childbirth and afterwards
A woman with Crohn’s disease, who has an abscess or fistula around the rectum, or previous severe Crohn’s disease around the anus, would be advised to have a caesarean section. In most other cases, normal vaginal deliveries are recommended and caesarean sections are performed for obstetric reasons only.
Can I breastfeed?
If the condition is active at the time of delivery, not enough breast milk may be produced. If a woman takes certain medications, breastfeeding should be avoided. These are methotrexate, anti diarrhoeals and antibiotics.
However, 5-ASA’s, steroids, biologicals and immunosuppressive medications (azathioprine and mercaptopurine) are compatible with breastfeeding.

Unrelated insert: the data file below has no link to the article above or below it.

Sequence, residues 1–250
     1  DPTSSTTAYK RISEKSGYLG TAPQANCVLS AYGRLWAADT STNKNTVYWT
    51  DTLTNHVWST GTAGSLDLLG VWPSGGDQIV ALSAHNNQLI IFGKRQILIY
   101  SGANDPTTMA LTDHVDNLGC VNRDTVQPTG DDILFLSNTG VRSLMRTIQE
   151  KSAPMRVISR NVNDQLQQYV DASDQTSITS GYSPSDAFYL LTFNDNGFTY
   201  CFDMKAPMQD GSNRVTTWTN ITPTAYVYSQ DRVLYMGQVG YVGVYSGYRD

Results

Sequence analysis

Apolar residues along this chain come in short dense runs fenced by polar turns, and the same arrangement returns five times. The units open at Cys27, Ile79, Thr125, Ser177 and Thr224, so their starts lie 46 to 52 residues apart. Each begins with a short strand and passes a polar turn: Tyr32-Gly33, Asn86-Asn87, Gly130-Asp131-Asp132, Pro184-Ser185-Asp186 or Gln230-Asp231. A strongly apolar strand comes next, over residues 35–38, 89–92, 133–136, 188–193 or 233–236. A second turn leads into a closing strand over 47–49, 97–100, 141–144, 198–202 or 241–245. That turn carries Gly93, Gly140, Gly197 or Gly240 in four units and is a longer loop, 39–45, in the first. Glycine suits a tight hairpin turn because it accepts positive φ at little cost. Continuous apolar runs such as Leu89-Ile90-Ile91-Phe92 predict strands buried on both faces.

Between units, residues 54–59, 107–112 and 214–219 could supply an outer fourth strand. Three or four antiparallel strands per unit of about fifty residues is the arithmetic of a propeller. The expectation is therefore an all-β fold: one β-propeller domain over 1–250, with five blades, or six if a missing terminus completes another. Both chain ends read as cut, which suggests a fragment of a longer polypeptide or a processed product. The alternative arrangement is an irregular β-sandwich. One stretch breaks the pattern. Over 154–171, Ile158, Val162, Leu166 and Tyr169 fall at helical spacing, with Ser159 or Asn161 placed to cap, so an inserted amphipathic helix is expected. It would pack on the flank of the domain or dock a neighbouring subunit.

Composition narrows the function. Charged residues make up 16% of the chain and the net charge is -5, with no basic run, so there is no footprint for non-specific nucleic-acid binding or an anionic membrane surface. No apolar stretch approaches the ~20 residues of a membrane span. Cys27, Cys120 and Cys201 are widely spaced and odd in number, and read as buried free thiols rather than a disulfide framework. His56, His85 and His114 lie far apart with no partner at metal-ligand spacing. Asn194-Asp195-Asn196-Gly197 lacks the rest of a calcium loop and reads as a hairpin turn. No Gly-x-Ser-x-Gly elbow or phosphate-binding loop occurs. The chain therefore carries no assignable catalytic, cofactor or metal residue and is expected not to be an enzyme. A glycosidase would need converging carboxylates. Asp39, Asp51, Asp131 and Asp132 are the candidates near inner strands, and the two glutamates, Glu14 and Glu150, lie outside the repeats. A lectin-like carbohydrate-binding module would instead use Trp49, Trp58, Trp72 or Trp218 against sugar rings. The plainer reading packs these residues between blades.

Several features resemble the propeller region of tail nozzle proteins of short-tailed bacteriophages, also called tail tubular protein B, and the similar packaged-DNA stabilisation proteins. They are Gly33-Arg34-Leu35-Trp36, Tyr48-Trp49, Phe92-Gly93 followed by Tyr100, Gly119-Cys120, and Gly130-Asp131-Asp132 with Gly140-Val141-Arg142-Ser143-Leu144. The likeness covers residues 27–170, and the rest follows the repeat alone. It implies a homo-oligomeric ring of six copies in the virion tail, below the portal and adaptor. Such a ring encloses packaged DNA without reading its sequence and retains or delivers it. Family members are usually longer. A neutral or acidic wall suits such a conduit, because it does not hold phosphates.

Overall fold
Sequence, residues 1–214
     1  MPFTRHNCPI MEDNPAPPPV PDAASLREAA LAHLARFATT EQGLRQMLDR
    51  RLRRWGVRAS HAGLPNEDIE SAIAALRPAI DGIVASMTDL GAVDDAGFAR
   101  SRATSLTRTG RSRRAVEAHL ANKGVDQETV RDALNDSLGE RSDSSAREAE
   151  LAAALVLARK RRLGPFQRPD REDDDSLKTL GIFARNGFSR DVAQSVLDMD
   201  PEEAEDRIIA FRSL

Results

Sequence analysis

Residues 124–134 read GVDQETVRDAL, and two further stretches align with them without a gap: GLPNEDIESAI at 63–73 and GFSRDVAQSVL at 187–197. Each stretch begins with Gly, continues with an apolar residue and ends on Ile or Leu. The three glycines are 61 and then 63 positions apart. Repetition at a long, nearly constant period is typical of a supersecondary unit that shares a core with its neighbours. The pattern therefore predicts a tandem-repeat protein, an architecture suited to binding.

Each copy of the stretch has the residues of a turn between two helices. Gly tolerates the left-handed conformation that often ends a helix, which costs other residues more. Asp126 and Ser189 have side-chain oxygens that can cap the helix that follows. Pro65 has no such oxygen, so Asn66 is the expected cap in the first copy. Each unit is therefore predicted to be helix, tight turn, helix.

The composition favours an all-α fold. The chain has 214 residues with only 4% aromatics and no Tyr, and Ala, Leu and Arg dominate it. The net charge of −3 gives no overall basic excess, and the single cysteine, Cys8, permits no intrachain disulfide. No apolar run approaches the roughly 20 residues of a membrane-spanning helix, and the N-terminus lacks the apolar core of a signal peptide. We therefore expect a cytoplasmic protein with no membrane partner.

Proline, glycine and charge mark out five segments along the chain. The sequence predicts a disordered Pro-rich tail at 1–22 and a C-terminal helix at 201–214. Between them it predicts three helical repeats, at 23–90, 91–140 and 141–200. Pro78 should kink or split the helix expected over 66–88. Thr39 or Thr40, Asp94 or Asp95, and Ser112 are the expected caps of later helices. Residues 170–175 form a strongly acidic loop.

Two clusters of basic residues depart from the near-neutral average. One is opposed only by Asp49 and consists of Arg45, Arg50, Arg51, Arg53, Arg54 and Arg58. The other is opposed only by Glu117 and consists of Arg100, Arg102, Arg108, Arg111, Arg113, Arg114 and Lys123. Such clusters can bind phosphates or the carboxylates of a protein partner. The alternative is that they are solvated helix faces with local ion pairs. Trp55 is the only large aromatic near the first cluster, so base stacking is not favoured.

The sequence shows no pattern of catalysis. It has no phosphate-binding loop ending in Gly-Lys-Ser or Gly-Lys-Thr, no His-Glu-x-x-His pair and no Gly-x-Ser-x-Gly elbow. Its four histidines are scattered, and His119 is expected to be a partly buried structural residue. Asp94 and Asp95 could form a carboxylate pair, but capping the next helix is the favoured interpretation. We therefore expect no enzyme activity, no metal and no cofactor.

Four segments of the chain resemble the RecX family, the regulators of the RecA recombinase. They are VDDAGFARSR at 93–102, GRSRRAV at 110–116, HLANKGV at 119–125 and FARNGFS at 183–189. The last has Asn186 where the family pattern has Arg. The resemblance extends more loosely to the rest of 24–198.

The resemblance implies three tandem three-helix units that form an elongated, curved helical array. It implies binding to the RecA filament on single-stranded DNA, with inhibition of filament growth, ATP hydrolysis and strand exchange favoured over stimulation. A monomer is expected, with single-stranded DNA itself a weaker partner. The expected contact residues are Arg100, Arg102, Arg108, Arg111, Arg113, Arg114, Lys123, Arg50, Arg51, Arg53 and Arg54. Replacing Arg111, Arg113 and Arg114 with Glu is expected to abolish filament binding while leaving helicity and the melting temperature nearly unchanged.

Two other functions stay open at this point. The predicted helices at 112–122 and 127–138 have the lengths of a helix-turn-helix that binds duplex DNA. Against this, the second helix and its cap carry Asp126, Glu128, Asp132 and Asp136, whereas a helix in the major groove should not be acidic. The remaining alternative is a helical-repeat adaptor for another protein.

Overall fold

If active Crohn’s disease or ulcerative colitis complicates one pregnancy, are future pregnancies likely to be affected in the same way?
One cannot predict the course or behaviour of IBD. Previous pregnancies do not set a pattern, good or bad, for subsequent pregnancies.
The ability to become pregnant when desired and to raise happy and healthy children are issues many people face. Having IBD adds to the many challenges. However, it can be done and it can be done well.